9. ^ "Altitude of a Commercial Jet". Hypertextbook.com. Archived from the original on 2011-10-31. Retrieved 2011-11-08.
  10. ^ "Google's Alan Eustace beats Baumgartner's skydiving record". BBC News. 2014-10-24. Archived from the original on 2014-10-25.
  11. ^ N.Butchart, A.A. Scaife, J. Austin, S.H.E. Hare, J.R. Knight. Quasi-biennial oscillation in ozone in a coupled chemistry-climate model Archived 2014-05-18 at the Wayback Machine, Journal of Geophysical Research.
  12. ^ M.E. McIntyre, T.N. Palmer. Breaking planetary waves in the stratosphere Archived 2017-03-17 at the Wayback Machine, Nature.
  13. ^ M.P. Baldwin and T.J. Dunkerton. 'Stratospheric Harbingers of Anomalous Weather Regimes Archived 2014-01-12 at the Wayback Machine, Science Magazine.
  14. ^ A.A. Scaife, J.R. Knight, G.K. Vallis, C.K. Folland. A stratospheric influence on the winter NAO and North Atlantic surface climate Archived 2014-05-18 at the Wayback Machine, Geophysical Research Letters.
  15. ^ DasSarma, Priya; DasSarma, Shiladitya (2018). "Survival of microbes in Earth's stratosphere". Current Opinion in Microbiology. 43: 24–30. doi:10.1016/j.mib.2017.11.002. ISSN 1369-5274. PMID 29156444.
  16. ^ Michael Mark Woolfson (2013). Time, Space, Stars & Man: The Story of the Big Bang. World Scientific. p. 388. ISBN 978-1-84816-933-3.
  17. ^ Laybourne, Roxie C. (December 1974). "Collision between a Vulture and an Aircraft at an Altitude of 37,000 Feet" (PDF). The Wilson Bulletin. 86 (4): 461–462. ISSN 0043-5643. JSTOR 4160546. OCLC 46381512. Archived (PDF) from the original on 2014-02-22.
  18. ^ "Audubon: Birds". Audubonmagazine.org. Archived from the original on 2011-09-14. Retrieved 2011-11-08.
  19. ^ Thomas Alerstam; David A. Christie; Astrid Ulfstrand (1993). Bird Migration. Cambridge University Press. p. 276. ISBN 978-0-521-44822-2.
  20. ^ Steinhagen, Hans (2005), Der Wettermann - Leben und Werk Richard Aßmanns, Neuenhagen, Germany: Findling, ISBN 978-3-933603-33-3

External links

Alan Eustace

Robert Alan Eustace is an American computer scientist who served as Senior Vice President of Knowledge at Google. Since October 24, 2014, he holds the world record for the highest-altitude free-fall jump.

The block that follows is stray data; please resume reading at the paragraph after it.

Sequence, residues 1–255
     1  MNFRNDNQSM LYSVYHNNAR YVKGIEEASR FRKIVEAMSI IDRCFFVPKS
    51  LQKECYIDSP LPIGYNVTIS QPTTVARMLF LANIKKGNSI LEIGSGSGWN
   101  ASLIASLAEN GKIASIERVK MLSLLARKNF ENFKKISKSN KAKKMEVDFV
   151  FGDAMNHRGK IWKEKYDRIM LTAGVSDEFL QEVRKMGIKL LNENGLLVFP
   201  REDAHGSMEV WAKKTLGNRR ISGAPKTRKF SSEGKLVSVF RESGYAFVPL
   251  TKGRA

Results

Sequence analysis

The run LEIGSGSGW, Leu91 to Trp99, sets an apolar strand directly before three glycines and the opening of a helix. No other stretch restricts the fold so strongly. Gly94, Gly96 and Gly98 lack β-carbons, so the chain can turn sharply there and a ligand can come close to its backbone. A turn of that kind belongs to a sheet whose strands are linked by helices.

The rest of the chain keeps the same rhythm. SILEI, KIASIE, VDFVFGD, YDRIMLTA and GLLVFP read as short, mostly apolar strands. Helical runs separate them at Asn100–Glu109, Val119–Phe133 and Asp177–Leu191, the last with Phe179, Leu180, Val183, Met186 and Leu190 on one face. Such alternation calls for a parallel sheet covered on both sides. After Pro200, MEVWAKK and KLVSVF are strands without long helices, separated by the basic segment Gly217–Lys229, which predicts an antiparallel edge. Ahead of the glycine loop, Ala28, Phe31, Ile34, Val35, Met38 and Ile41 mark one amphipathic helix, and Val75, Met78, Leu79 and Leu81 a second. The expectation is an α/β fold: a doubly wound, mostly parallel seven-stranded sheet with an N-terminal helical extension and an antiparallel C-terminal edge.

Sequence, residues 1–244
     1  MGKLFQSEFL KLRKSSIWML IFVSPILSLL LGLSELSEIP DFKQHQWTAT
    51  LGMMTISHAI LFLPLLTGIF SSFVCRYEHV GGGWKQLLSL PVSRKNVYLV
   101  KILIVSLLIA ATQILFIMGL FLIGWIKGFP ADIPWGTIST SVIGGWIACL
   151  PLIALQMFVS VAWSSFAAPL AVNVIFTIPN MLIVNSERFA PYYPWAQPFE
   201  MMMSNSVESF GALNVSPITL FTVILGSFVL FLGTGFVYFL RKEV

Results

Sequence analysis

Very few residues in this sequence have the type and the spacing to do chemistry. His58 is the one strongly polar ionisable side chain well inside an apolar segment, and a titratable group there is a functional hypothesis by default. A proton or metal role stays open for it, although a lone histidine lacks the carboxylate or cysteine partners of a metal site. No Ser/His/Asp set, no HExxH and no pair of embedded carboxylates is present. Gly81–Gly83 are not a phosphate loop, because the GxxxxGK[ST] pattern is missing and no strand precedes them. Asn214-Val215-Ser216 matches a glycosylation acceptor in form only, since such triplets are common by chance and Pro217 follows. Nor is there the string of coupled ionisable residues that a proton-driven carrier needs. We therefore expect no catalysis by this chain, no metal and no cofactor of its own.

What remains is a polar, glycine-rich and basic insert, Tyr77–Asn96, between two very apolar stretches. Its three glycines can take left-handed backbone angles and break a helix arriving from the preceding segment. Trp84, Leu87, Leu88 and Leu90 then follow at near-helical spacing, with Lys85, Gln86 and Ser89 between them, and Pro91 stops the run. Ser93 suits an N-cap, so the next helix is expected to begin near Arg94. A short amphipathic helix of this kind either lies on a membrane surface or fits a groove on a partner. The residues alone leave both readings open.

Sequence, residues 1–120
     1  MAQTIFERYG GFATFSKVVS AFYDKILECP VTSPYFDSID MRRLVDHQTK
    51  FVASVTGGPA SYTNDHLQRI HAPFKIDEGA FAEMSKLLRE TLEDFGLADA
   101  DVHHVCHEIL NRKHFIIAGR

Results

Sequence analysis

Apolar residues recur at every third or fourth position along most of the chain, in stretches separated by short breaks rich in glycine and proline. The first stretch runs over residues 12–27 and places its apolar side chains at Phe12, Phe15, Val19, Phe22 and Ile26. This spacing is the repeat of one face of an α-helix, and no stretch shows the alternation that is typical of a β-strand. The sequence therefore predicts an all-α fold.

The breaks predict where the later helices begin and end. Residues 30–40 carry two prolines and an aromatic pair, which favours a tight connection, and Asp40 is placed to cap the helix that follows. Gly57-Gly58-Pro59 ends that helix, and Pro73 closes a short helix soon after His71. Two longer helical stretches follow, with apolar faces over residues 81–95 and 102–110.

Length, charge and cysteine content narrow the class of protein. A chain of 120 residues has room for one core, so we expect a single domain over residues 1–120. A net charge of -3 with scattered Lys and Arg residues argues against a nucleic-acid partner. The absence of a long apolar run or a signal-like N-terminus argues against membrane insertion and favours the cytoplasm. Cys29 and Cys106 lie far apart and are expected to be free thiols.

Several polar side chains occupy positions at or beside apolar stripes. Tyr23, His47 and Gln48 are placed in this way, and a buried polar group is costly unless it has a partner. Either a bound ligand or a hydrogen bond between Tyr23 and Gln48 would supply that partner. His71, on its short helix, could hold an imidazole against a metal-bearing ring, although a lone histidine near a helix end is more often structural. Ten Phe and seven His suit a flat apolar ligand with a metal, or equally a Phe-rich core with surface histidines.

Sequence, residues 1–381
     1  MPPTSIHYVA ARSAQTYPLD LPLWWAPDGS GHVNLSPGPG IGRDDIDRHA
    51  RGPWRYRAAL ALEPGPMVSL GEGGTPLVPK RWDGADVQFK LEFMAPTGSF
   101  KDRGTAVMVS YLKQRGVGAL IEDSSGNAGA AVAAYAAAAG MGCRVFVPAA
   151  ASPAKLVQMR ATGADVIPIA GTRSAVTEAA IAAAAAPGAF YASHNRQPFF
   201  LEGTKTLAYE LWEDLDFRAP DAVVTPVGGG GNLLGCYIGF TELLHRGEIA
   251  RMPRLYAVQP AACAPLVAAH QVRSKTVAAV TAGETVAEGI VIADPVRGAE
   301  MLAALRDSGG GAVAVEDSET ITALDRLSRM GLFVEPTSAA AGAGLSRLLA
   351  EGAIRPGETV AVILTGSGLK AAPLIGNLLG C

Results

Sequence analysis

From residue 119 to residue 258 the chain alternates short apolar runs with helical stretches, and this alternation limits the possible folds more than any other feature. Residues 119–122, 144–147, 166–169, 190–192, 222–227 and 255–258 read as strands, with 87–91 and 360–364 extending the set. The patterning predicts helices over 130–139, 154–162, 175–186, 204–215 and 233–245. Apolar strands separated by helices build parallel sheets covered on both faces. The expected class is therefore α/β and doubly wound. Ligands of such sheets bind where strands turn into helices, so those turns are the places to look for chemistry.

Atmosphere of Earth

The atmosphere of Earth is the layer of gases, commonly known as air, that surrounds the planet Earth and is retained by Earth's gravity. The atmosphere of Earth protects life on Earth by creating pressure allowing for liquid water to exist on the Earth's surface, absorbing ultraviolet solar radiation, warming the surface through heat retention (greenhouse effect), and reducing temperature extremes between day and night (the diurnal temperature variation).

By volume, dry air contains 78.09% nitrogen, 20.95% oxygen, 0.93% argon, 0.04% carbon dioxide, and small amounts of other gases. Air also contains a variable amount of water vapor, on average around 1% at sea level, and 0.4% over the entire atmosphere. Air content and atmospheric pressure vary at different layers, and air suitable for use in photosynthesis by terrestrial plants and breathing of terrestrial animals is found only in Earth's troposphere and in artificial atmospheres.

The atmosphere has a mass of about 5.15×1018 kg, three quarters of which is within about 11 km (6.8 mi; 36,000 ft) of the surface. The atmosphere becomes thinner and thinner with increasing altitude, with no definite boundary between the atmosphere and outer space. The Kármán line, at 100 km (62 mi), or 1.57% of Earth's radius, is often used as the border between the atmosphere and outer space. Atmospheric effects become noticeable during atmospheric reentry of spacecraft at an altitude of around 120 km (75 mi). Several layers can be distinguished in the atmosphere, based on characteristics such as temperature and composition.